How many of you haven’t tried to do something because you were “sure” you wouldn’t succeed? How many of you waited until the last minute and threw something together so you could say you tried but not feel bad when you didn’t succeed? These, in psychology, are called learned helplessness and self-handicapping respectively.
These are amazingly and disturbingly common ways that we ensure we will fail. Not on purpose, of course. We are trying to protect ourselves. But in doing so, we often act as our own worst enemy.
I’ve done this a lot throughout my life. Most recently I was able to overcome the initial learned helplessness. In boxing last week, we had a plank competition- whoever could hold the longest plank (a low plank) after the workout would get a cool prize. I spent a lot of November thinking about if I wanted to enter this competition, because it would be pretty embarrassing to try and only get a really short time. They had a schedule of planks throughout the month that you could do every day to prepare. I thought a lot about taking one of the paper schedules to work on it at home, but didn’t.
When it came to November 30th, after my workout, everyone left. I wanted to leave too and skip the competition, but I had no excuses. I entered the plank competition. I asked what the longest time had been so far, and was surprised to hear that I was the first person to participate (it was the 9:30 am class, so maybe not that surprising, but there are two classes before it). Nevertheless, I had a goal in mind (3:30) and got to work.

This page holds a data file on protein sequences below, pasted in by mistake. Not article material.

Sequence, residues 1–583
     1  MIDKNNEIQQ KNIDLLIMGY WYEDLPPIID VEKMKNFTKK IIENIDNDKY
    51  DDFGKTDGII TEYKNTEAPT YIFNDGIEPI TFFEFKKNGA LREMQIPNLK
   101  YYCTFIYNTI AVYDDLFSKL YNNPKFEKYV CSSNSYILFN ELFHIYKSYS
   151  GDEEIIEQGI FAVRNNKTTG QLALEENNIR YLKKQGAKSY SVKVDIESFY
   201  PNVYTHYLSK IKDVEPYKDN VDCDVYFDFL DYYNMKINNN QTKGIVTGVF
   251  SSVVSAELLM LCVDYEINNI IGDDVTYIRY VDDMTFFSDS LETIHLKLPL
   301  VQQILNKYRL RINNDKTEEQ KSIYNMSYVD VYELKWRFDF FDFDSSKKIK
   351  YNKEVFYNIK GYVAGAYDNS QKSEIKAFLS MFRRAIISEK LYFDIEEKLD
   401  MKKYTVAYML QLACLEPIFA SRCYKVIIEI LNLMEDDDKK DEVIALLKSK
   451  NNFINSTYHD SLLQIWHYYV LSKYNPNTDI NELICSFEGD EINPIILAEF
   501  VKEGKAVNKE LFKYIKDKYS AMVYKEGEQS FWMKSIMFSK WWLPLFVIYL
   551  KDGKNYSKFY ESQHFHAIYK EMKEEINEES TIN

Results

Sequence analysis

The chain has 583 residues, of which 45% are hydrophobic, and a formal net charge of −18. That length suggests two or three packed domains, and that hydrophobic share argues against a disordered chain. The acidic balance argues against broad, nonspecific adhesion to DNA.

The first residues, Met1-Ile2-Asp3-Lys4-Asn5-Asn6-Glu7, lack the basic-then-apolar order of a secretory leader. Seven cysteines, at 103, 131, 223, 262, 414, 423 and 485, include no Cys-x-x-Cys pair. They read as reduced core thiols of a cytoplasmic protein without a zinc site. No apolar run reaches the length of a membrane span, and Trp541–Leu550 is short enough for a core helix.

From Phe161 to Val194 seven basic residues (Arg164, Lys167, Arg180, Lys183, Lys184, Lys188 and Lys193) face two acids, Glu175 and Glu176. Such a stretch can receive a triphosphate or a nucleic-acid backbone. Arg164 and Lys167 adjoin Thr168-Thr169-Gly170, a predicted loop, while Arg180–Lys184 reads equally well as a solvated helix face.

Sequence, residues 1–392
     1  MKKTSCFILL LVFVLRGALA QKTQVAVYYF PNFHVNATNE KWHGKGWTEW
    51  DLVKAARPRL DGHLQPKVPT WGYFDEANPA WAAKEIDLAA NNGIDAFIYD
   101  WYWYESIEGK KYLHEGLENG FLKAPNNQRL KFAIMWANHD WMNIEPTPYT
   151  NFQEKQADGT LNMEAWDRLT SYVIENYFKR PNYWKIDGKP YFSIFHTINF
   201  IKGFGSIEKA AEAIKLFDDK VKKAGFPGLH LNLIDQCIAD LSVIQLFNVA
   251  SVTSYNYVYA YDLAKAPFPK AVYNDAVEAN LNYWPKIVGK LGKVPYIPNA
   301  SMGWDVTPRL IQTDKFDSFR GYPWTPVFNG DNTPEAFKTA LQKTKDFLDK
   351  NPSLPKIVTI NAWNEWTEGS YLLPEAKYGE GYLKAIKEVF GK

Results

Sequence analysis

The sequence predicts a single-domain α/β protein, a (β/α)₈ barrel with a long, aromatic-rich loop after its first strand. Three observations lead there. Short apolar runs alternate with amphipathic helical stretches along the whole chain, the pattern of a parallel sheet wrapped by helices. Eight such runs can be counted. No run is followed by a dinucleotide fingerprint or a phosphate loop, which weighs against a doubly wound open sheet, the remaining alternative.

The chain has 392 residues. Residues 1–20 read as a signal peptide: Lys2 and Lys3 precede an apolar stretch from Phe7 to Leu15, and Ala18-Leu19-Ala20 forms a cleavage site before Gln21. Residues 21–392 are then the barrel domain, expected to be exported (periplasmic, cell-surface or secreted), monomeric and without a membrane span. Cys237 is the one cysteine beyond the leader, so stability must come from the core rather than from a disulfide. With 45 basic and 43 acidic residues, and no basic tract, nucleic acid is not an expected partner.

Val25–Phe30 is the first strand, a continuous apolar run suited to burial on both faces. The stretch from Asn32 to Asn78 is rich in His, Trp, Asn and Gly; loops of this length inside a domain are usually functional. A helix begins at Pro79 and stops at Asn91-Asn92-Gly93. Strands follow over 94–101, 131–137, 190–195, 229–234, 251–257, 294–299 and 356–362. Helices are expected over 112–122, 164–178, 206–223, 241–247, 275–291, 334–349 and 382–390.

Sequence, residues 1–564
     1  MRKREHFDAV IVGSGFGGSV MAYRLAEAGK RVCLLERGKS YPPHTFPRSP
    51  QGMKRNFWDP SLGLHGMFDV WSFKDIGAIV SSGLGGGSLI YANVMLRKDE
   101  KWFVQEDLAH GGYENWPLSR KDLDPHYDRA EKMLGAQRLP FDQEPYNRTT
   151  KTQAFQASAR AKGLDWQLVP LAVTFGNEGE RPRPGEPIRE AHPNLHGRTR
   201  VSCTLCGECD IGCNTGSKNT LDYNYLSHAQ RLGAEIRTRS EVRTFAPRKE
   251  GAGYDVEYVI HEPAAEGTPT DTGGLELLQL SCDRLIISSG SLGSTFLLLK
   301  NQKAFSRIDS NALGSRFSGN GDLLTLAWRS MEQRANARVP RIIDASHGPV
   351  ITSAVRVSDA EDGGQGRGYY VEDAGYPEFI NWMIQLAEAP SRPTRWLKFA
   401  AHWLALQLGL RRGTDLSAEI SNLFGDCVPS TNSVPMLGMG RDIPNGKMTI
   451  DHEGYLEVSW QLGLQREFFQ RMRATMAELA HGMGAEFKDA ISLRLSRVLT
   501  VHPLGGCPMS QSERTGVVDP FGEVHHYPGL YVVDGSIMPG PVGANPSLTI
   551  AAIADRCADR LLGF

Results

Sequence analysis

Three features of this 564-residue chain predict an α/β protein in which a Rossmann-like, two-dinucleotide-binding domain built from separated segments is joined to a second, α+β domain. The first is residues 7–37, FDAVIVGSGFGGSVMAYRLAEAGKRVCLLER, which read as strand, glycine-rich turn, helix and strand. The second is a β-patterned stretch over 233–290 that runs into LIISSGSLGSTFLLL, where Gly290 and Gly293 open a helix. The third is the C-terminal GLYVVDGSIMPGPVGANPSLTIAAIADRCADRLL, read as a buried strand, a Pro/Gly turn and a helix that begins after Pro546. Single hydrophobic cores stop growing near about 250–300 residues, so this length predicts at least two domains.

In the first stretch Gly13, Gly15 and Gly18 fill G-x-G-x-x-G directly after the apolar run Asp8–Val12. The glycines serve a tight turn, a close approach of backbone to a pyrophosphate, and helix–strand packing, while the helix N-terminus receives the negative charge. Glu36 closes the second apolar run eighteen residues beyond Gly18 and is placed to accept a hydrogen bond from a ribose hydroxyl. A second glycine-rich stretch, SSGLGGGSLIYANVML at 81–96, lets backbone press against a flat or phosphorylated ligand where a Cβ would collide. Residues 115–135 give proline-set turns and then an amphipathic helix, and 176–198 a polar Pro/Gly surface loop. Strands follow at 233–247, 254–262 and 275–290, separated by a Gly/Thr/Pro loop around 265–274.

It should come as no surprise that after a 60 minute intense workout, including planks, holding a plank was immensely difficult. Personally, I also find low planks harder than high ones. I could feel my muscles start shaking after 1 minute in. My goal seemed way too far off.
I asked the coach to tell me after each 30 second milestone for a morale boost. Time had never ticked slower. 1:30 and she could see me visibly shaking and asked how I was doing.
“Not good. But I want to get to at least 2 minutes.”
The two minute mark couldn’t come fast enough. I held my plank for a total of two minutes and two seconds. Not terribly impressive, but I had no benchmark to compare it to. Still, I was proud I had tried.
I went home, posted on Facebook, and forgot about it.
Yesterday night, I got an email saying that I won the longest plank at my club’s location and got a $25 gift certificate to the Title store.
Wait, what? I won?
My first thought was that no one else from my club participated, which is obviously the reason I won. Let me be clear and say that totally could be the case. But the fact that it’s what my mind first jumped to made me a little sad (and reflective).
It’s hard enough for us to get over our fears and try something, especially something difficult, especially when we might fail. But when we succeed and we still don’t think it’s enough, that is the worst offense we are committing against ourselves.
Even if I was the only one who competed, that shouldn’t lessen my victory any. I still had the courage to try and to keep going, even when it was difficult. I felt proud after I finished my plank. Winning shouldn’t take that away from me.
Take time to appreciate your accomplishments. Don’t lessen them. Be proud of the work that you put in- whether you succeed or not!